Video tutorial of the mask removal skill:
My personal experience with the PADI mask removal skill:
During my Open Water course, the skill I could not master was removing and replacing my scuba diving mask. The more I practiced the skill the more frustrated I became and the more I began to panic. Even thinking about completing the skill would fill me with dread. This happened until I took a step back and started from the basics, which I will share with you today.
Why is the mask removal skill important?
It is a required skill in the PADI Scuba diver and Open water course and is a skill that you will need throughout your diving career.
Perhaps your mask doesn’t fit your face, a common occurrence for people with facial hair or rental masks. Perhaps your buddy accidentally knocks your mask off while diving. If water does enter the mask, you will need to learn how to clear the mask in order to enjoy the dive, feel relaxed and to prevent any panic underwater.
But do not worry, with some practice, patience and our top tips you will be clearing your mask in no time!
Steps to take if you are struggling to master the mask removal skill:
Step 1. Use a snorkel while holding your nose
- Stand in the shallow area of the swimming pool or in confined water (water where you can stand.)
- Have your feet on the ground and don’t put your mask on your face.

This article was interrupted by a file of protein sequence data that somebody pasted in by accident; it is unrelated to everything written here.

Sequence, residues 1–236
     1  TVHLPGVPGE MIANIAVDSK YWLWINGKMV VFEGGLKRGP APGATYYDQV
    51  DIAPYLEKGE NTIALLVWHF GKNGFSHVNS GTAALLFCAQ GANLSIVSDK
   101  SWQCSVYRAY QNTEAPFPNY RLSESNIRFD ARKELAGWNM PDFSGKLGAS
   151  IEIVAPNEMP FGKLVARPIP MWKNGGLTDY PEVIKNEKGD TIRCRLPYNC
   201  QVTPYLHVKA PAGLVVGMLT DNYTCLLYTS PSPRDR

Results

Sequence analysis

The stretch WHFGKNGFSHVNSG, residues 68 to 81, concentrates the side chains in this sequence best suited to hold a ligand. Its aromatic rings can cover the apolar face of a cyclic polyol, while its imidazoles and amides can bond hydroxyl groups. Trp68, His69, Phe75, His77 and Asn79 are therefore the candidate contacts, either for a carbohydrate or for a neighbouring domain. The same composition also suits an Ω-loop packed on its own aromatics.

- Using a snorkel place your face into the water.
- Pinch your nose to prevent any water from entering your nose and practice breathing from your mouth.
- This will get you used to the sensation of breathing underwater without a scuba mask.
Step 2. Use a snorkel without holding your nose
- Continue using the snorkel but this time don’t pinch your nose.
- By doing this it will get you used to the uncomfortable feeling of water entering the nose.
- Practice this a few times and once you feel comfortable you can even go for a swim only using the snorkel.
Step 3. Use your regulator while holding your nose:
- Now put your regulator in your mouth, and place your face into the water.
- Pinch your nose to prevent any bubbles from entering your nose.
- Once your face is in the water focus on breathing in and out of your mouth.
- Practice this technique a few times until you feel comfortable with not wearing a mask while breathing from a regulator.
Step 4. Use your regulator without holding your nose:
- Now put your face back into the water and breathe from the regulator without holding your nose. This will get you used to the sensation of the bubbles from the regulator entering your nose.
- Remember to breathe deeply and concentrate on breathing from your mouth.
- We recommend practicing these techniques for two minutes each time.
Step 5. Clear a partially flooded mask.
- Using your thumbs and index fingers gently lift the bottom seal of the mask off your face and allow a small bit of water to enter.
- Once water is in the mask place the seal back on your face.
- Remember to keep breathing in and out of your mouth to relax yourself and allow water to enter the mask.
- Inhale deeply through your mouth and fill your lungs with air.
- Use your hands to apply pressure to the top ridge of your mask.